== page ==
Taxes on firms, including corporation tax and indirect taxes such as VAT and excise duty, are effectively a cost that firms have to pay. They are likely to try to recoup at least some of this extra cost by raising the price paid by the consumers.
Nevertheless, the firms themselves are largely responsible for passing on the tax revenue to the government. A rise in the rate of an existing tax or the imposition of a new tax will make it more expensive to supply a product and hence will reduce supply. In contrast, a cut in a tax or its removal will increase supply.
A subsidy given to the producers provides a financial incentive for them to supply more. Besides being paid by the consumer, they are now being paid by the government also. As a result, the granting of a subsidy will cause an increase in supply whilst the removal of a subsidy will cause a decrease in supply.
Most countries, throughout the world, subsidies some agricultural products. A number of them also give subsidies to new and important industries. Less frequently, a government may also give a subsidy to consumers, to encourage them to buy a particular product. For example, grants may be given to households to enable them to buy houses. In this case, of course, it is demand and not supplies conditions which change.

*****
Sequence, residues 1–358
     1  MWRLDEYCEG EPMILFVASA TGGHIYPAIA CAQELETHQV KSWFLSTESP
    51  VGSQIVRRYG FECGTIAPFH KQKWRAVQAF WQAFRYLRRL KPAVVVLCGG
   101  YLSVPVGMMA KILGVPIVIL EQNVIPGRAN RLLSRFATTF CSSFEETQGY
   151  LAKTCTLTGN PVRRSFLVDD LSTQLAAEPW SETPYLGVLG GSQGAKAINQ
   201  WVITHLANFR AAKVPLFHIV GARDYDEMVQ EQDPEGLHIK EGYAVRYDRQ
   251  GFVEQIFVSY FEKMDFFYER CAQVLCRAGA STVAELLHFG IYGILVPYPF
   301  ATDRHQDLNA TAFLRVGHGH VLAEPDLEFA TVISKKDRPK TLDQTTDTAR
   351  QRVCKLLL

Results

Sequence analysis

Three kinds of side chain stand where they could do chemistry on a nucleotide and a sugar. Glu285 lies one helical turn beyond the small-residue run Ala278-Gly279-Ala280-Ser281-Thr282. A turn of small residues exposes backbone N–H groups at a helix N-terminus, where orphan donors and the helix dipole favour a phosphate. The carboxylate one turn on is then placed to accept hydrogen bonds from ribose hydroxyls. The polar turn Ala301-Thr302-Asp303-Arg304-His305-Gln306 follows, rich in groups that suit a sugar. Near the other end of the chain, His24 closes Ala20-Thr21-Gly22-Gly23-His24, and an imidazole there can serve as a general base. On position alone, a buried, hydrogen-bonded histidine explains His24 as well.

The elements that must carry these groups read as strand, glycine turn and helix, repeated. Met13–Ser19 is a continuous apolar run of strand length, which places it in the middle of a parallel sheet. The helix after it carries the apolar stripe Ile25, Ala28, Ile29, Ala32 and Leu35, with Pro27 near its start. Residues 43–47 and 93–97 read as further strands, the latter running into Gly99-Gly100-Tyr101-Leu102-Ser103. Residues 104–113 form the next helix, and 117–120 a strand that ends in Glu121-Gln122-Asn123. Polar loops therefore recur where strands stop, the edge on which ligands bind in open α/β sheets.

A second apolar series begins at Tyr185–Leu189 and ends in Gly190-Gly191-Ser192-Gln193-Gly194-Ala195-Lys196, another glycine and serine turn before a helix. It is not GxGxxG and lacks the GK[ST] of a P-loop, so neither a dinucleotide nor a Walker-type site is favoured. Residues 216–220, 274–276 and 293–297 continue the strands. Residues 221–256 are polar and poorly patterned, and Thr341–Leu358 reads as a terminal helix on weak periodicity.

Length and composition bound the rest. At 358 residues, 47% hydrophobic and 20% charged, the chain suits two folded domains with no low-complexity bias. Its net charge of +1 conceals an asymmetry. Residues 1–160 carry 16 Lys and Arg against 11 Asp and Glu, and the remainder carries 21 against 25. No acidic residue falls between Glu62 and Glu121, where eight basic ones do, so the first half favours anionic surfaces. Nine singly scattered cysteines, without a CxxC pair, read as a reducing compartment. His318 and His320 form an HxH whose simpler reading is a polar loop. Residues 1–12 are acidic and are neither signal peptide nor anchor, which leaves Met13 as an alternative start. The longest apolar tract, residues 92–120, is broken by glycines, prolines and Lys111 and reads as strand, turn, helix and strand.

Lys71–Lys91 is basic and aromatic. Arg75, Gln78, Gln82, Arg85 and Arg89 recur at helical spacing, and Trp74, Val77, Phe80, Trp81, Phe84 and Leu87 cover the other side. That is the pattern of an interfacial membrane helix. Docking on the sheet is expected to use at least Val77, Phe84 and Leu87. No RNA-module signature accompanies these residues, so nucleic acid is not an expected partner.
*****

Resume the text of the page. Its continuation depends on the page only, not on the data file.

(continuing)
Weather conditions and health of livestock and crops:
Changes in weather conditions affect particular agricultural products. A period of good weather around harvest time is likely to increase the supply of a number of crops. Very dry, very wet or very windy weather, however, is likely to damage a range of crops and thereby reduce their supply.
The amount of agricultural products produced and available for supply is also influenced by the health of livestock and crops. The outbreak of a disease, such as foot and mouth in cattle or blight in crops, will reduce supply.
Prices of other products: